The Dollyrots, Bringing the Fam Back to the Northeast (10/11 at MilkBoy)

“It’s hard for me to determine what it sounds like…  But a lot of the people that have heard it have used the terms, ‘more mature,’ and, ‘a little...

“It’s hard for me to determine what it sounds like…  But a lot of the people that have heard it have used the terms, ‘more mature,’ and, ‘a little darker.’  But it still has that shiny Dollyrots coating!” says Kelly Ogden (also known as Kelly Dollyrot), bassist, lead vocalist, and one-half of punk rock duo The Dollyrots, along with guitarist and Kelly’s husband, Luis Cabezas, or Luis Dollyrot.  Kelly and I are discussing The Dollyrots’ upcoming LP, Night Owls, which drops October 13th on Steven Van Zandt’s Wicked Cool Records.

The Dollyrots have been on the road for much of the summer, and will be returning to our very own MilkBoy on Wednesday, October 11th for their third show at Center City’s last remaining rock bar.  The band have played the City of Brotherly Love and Sisterly Affection countless times over the past two decades, including dates at The Fire, North Star Bar, Milkcreek Tavern, M Room, Kung Fu Necktie, and Silk City, which they played just last summer when they double-headlined with local retro rockers Soraia.

I find out during our chat that Kelly and Luis actually considered basing themselves in our neck of the woods way back in the early aughts: “We love playing the Northeast.  I was born in New Jersey, and raised in Florida, and we really wanted to go to the Northeast, but we moved to LA instead.  It was post-9/11, which I think had a lot to do with that.”  However, they relocated to Florida a number of years ago, where they currently live with their two kids… when they’re not all out on the road, that is: “We’ve been together since we were 17 years-old, and now we have a 9-year-old and a 6-year-old that come on tour with us, and they’re champs!”

Those at The Dollyrots’ stop at Silk City last summer got to see the family happily haunting the Diners, Drive-Ins and Dives spot, a sight far different from what you would see in the days of Kelly and Luis playing the most [and mostly] charming dives of Fairmount, West Philly, and Fishtown.  However, Kelly tells me that touring with the kids is actually far easier than most people seem to realize: “People are always like, ‘How do you do it with your kids on the road?’  But the truth is, tour is more regimented than life at home.  Every day is exactly the same.”  She tells me of days that start in a hotel room, with the band’s tour manager providing the kids with breakfast in bed, before hitting the road, always finding some reason to stop and give the kids something fun to check out: “Whatever there is, we will find it.  It could be the Space Needle or the world’s largest ball of twine [laughs].”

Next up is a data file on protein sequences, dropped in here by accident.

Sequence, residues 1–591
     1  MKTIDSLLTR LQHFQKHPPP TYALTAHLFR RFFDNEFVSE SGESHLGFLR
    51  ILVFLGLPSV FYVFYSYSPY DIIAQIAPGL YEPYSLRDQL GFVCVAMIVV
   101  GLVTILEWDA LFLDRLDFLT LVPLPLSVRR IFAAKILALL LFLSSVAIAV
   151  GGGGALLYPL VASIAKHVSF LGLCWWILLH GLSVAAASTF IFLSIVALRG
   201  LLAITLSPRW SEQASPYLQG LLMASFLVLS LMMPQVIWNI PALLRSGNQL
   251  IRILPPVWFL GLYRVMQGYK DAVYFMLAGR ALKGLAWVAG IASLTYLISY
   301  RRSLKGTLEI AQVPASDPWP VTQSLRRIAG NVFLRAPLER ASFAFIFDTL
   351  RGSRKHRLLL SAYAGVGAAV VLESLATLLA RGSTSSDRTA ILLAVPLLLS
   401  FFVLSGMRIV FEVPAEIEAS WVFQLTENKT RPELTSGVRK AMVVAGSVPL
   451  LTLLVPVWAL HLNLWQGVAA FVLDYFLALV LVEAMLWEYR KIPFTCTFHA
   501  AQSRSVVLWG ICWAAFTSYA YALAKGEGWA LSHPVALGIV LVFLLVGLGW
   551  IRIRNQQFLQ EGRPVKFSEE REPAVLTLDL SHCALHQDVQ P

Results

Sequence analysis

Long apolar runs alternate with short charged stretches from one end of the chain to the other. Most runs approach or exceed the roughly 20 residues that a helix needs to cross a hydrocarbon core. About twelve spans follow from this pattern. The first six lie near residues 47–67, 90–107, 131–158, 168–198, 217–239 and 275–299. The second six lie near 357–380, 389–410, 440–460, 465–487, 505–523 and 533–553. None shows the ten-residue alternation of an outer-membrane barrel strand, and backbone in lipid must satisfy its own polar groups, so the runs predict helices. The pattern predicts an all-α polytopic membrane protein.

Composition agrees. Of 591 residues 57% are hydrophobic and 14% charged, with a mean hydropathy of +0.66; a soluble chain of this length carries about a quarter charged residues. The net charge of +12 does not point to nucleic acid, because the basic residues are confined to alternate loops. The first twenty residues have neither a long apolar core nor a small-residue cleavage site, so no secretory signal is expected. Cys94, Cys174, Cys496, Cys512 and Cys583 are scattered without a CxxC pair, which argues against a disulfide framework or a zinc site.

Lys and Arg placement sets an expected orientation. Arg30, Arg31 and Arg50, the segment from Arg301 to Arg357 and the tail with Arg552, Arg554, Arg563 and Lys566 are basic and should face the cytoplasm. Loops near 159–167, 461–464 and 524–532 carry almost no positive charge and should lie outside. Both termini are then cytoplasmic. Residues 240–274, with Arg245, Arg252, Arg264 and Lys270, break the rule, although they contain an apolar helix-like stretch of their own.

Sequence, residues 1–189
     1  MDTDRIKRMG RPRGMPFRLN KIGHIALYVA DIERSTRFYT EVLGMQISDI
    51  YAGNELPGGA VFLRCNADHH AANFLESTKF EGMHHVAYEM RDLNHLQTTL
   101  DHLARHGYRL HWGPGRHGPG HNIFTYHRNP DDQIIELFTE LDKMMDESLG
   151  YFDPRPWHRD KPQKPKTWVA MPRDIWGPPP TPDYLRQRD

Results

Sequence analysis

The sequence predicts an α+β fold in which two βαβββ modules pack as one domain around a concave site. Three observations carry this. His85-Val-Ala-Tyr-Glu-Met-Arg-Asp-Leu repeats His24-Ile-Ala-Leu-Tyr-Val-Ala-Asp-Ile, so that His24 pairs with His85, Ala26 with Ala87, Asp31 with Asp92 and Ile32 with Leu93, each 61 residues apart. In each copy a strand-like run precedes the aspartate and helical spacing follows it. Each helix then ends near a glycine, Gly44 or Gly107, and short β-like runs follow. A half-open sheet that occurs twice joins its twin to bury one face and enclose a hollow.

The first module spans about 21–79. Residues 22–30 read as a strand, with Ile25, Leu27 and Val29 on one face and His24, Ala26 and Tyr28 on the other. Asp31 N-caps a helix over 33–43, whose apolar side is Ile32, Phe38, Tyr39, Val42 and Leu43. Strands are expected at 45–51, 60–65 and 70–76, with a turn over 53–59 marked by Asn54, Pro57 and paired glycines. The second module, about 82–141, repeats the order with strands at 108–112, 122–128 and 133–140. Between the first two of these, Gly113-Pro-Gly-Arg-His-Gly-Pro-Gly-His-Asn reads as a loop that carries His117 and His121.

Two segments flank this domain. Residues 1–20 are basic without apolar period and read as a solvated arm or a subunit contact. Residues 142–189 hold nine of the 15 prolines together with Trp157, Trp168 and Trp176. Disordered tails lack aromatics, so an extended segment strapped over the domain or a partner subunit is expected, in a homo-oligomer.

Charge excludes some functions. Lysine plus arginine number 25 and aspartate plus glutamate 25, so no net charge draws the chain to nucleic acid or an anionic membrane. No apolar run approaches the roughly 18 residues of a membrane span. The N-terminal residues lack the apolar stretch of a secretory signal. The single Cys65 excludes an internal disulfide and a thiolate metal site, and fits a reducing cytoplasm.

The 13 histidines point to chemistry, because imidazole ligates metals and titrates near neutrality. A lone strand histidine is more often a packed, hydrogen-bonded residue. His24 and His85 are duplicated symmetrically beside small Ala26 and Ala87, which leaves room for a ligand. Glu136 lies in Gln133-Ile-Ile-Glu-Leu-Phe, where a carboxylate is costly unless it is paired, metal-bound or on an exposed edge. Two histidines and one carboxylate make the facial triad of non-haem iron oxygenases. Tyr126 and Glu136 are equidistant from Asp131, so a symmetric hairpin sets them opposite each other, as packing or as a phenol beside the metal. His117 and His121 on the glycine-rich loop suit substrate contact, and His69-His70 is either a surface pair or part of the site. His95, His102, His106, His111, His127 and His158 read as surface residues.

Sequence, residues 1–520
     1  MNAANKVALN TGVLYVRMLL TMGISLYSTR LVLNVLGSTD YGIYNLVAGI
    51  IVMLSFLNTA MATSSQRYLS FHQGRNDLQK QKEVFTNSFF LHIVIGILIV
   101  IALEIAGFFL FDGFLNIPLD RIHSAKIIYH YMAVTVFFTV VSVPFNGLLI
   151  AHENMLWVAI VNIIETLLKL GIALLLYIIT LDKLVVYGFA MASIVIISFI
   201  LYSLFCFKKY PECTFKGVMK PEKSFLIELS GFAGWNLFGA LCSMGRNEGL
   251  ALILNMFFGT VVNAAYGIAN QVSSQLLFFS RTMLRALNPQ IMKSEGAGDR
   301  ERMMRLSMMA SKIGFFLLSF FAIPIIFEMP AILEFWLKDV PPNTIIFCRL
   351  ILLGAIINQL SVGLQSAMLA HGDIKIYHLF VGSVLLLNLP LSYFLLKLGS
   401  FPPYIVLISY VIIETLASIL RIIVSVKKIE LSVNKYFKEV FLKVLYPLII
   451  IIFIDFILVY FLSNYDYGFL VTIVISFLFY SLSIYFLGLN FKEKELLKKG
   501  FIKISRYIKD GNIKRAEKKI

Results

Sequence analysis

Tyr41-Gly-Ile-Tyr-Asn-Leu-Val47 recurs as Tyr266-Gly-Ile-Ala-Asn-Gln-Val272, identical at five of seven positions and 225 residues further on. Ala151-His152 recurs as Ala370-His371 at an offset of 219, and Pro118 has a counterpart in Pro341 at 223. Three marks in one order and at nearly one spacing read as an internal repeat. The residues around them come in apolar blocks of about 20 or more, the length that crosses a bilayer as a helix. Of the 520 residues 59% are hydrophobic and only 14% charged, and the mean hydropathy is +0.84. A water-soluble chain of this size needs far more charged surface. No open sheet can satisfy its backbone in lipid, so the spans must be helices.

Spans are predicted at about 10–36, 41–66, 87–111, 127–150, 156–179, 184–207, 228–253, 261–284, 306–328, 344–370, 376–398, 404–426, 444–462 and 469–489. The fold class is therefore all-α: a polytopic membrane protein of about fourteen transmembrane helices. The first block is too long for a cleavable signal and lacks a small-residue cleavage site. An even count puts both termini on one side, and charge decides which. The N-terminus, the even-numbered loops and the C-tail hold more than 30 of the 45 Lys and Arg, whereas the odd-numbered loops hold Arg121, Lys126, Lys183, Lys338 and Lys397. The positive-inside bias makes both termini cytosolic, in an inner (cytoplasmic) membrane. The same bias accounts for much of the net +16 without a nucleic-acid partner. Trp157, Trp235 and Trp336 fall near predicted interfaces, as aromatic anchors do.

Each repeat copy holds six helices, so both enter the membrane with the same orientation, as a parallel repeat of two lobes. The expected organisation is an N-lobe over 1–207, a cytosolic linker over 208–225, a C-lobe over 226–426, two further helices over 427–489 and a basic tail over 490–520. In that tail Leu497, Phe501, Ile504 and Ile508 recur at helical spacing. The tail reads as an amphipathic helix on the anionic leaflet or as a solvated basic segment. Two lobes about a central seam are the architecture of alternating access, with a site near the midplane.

“Once we start to load in, every day I try to do exactly the same thing,” says Kelly, noting a routine that includes, “a small, half peanut butter sandwich,” for dinner, a glass of wine, a nap, possibly another glass of wine or a beer after the nap, and a makeup routine, during which time the frontwoman gets herself into rockstar mode: “I find that person that used to be inside me, before I was Mom [laughs].”  However, she does confess that, despite the routine, rockstar time always finds some way to prevail: “Somehow, I’m never ready on time, even when I get started three hours early [laughs].”

The venues that The Dollyrots regularly play are a mix of barrooms, rock clubs, galleries, and even a handful of outdoor spaces, and Kelly admits that she likes the variety, although she does say that places like MilkBoy are possibly her favorite: “I do love a big neighborhood bar kind of feeling, but I like it to have a stage.  I don’t like to be eye-level with the audience [laughs].  My two front top teeth are chipped, from a long time ago, but every time we play when we’re too close to the audience, someone hits my mic stand and the mic always hits my teeth!”